After declining for 10 straight weeks, COVID-19 hospitalizations plateaued in Clark County this week and inched up statewide, according to new state data released Wednesday.
Deaths also ticked up after falling last week to their lowest point of the pandemic.
Epidemiologist Brian Labus said the slight increases in some disease metrics aren’t significant, adding that when numbers have hit bottom they’re going to “bounce around a little bit.”
“The hospitalizations and deaths are low, and there’s no indication that they’re trending back up yet,” said Labus, an assistant professor of epidemiology and biostatistics at UNLV’s School of Public Health.
Confirmed or suspected COVID-19 hospitalizations remained at 87 this week in Clark County, and inched up to 118 statewide from last week’s 115, according to data from the Nevada Department of Health and Human Services.
The 14-day average for daily deaths, which last week reached zero in both the county and state, increased to one.
The 14-day average for confirmed daily new cases fell to 74 from 96 in the county, and to 114 from 144 statewide. These figures are undercounts in part because of the growing use of at-home rapid tests, whose positive results go unreported. Numbers of hospitalizations are considered a better measure of disease trends.
The Nevada Hospital Association in a weekly report said that there are some predictions that there will be “modest” increases in hospitalizations in October but did not provide details.
For weeks, all of Nevada’s counties, or all but one, have had low community levels of COVID-19, a determination made by the Centers for Disease Control and Prevention based on hospitalizations and cases. This week, rural Lander, Mineral and Lincoln counties were designated as having medium levels of COVID-19, while the remainder of the state was at low.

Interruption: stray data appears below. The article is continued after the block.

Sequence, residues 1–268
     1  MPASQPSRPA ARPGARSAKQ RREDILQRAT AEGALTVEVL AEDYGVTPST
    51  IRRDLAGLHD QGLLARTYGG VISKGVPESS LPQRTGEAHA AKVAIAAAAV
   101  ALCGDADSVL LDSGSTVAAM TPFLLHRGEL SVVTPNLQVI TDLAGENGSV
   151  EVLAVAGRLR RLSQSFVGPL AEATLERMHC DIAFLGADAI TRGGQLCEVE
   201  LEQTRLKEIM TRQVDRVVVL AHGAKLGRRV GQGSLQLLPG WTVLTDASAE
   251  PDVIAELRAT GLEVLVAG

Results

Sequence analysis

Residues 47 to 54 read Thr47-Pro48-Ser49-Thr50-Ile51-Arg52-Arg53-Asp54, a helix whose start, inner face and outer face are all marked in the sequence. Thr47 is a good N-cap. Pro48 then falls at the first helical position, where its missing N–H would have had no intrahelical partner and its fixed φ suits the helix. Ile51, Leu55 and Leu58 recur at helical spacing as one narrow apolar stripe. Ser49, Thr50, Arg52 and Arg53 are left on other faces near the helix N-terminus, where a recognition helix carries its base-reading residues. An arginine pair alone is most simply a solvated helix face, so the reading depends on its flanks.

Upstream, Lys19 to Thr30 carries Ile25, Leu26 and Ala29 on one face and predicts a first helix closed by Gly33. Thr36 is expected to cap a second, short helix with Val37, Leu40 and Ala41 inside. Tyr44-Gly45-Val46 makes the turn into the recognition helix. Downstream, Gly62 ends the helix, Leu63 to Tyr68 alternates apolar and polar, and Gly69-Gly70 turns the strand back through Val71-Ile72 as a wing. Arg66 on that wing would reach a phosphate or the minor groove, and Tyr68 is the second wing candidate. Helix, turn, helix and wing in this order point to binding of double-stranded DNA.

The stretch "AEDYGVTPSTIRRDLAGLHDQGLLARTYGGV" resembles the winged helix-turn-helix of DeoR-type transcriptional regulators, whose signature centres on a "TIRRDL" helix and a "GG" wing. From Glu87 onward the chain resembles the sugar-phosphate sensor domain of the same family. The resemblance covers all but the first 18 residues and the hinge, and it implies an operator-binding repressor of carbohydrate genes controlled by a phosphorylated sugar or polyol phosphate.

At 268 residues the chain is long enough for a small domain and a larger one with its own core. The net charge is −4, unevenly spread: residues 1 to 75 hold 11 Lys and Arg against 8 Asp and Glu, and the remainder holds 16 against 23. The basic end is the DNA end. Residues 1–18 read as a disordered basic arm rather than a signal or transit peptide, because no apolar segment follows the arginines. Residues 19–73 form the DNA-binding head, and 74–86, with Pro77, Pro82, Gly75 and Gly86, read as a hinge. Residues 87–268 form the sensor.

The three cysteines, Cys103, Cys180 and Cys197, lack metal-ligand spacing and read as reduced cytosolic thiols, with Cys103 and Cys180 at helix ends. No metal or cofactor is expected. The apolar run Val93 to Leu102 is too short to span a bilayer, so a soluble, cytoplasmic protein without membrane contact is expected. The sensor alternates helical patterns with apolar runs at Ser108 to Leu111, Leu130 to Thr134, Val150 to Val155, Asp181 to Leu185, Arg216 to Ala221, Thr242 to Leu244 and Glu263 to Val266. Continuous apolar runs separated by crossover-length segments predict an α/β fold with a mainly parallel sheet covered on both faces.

Cassius Lockett, director of disease surveillance and control for the Southern Nevada Health District, said COVID-19 metrics in Clark County continue to trend downward.
“We’re in a good position,” he said.
The emergence of a new variant that can evade built-up immunity from prior infection or vaccination could reverse the downward trend, health officials say.
Wastewater surveillance conducted in Southern Nevada to spot disease trends continues to find omicron subvariant BA.5 in most samples, said Edwin Oh, a researcher and associate professor at UNLV’s Kirk Kerkorian School of Medicine. BA.5 was the dominant strain this summer and is targeted by the new, bivalent booster shot.
However, Oh and his colleagues have started to observe the emergence locally of new variants BF.7 and BA.2.75, strains also being detected in other parts of the country.
It remains uncertain whether these new strains could result in an increase in cases, health officials say.